DP12378 Ethnic Geography: Measurement and Evidence
|Author(s):||Roland Hodler, Michele Valsecchi, Alberto Vesperoni|
|Publication Date:||October 2017|
|Keyword(s):||economic development, ethnic diversity, ethnic geography, fractionalization, quality of government, Segregation, Trust|
|JEL(s):||C43, D63, O10, Z13|
|Programme Areas:||International Trade and Regional Economics, Development Economics, Macroeconomics and Growth|
|Link to this Page:||cepr.org/active/publications/discussion_papers/dp.php?dpno=12378|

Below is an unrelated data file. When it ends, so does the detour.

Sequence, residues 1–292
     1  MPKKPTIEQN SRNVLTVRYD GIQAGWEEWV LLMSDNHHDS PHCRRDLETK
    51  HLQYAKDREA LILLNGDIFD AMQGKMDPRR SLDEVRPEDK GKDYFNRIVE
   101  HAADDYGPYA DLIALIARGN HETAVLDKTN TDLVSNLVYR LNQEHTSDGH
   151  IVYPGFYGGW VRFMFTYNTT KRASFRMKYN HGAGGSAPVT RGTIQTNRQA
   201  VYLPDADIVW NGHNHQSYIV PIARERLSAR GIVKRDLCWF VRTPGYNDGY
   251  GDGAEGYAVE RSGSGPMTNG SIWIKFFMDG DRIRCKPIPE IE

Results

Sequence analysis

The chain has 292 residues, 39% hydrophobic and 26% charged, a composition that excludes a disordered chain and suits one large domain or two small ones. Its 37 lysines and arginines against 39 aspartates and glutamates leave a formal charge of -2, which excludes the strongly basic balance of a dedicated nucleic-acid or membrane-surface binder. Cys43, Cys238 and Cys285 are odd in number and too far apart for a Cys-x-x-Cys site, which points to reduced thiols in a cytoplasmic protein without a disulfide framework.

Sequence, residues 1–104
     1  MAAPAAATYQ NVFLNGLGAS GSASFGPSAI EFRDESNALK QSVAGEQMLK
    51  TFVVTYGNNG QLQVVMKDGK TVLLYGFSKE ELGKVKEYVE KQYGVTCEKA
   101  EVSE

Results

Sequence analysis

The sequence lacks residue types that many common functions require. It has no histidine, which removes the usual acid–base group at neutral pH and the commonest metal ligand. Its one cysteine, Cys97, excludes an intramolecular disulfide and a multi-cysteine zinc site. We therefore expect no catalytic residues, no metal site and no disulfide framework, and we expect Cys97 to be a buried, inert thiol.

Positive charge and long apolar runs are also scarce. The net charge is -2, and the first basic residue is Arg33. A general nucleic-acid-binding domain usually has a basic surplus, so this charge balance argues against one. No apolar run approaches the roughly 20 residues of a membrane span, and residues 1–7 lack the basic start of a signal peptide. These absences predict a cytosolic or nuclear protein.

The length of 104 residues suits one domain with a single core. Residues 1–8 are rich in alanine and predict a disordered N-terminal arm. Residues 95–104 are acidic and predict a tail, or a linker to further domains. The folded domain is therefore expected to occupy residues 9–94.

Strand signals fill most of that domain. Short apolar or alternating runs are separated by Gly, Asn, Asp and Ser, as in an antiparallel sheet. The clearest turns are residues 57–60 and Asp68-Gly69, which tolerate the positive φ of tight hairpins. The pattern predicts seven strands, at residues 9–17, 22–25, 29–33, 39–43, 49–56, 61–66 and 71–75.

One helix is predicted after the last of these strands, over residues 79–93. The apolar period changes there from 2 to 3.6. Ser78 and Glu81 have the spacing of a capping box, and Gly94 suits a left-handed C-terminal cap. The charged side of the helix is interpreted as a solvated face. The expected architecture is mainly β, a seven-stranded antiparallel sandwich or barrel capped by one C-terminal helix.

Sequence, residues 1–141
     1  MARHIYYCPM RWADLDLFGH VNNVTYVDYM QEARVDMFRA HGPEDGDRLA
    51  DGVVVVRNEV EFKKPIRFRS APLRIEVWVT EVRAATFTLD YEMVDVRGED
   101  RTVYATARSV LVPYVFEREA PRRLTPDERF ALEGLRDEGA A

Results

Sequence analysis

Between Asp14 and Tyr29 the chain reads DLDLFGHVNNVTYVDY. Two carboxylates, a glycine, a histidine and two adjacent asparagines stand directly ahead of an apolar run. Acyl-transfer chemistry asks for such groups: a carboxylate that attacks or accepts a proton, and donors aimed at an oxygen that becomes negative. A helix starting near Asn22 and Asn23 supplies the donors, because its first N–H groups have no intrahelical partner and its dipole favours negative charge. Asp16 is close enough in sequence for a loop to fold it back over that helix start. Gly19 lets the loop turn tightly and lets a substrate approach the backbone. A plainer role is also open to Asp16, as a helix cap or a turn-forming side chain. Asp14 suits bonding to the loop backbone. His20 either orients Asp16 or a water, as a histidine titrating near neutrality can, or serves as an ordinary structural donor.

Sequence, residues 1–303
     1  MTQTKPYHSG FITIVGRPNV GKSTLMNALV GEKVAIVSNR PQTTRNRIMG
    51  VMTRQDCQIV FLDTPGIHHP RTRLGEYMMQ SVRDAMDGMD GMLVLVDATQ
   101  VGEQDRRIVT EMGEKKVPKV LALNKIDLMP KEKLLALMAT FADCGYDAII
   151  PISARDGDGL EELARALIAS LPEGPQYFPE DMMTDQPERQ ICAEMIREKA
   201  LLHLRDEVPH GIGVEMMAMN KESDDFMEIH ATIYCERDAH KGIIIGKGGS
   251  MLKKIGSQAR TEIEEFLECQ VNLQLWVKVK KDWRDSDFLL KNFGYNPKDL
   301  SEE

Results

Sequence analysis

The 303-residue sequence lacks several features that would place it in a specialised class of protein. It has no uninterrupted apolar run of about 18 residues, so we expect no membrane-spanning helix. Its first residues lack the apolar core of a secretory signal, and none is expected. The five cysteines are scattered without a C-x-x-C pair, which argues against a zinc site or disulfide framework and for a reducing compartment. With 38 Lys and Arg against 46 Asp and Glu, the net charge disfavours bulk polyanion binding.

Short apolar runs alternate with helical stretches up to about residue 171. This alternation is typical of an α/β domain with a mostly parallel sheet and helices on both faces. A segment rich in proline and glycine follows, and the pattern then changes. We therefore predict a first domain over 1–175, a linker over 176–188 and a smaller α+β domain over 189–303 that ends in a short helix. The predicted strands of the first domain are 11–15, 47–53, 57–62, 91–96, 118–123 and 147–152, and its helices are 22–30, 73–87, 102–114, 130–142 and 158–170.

The effects of ethnic geography, i.e., the distribution of ethnic groups across space, on economic, political and social outcomes are not well understood. We develop a novel index of ethnic segregation that takes both ethnic and spatial distances between individuals into account. Importantly, we can decompose this index into indices of spatial dispersion, generalized ethnic fractionalization, and the alignment of spatial and ethnic distances. We use maps of traditional ethnic homelands, historical population density data, and language trees to compute these four indices for more than 150 countries. We apply these indices to study the relation between historical ethnic geography and current economic, political and social outcomes. Among other things, we document that countries with higher historical alignment, i.e., countries where ethnically diverse individuals lived far apart, have higher-quality government, higher incomes and higher levels of trust.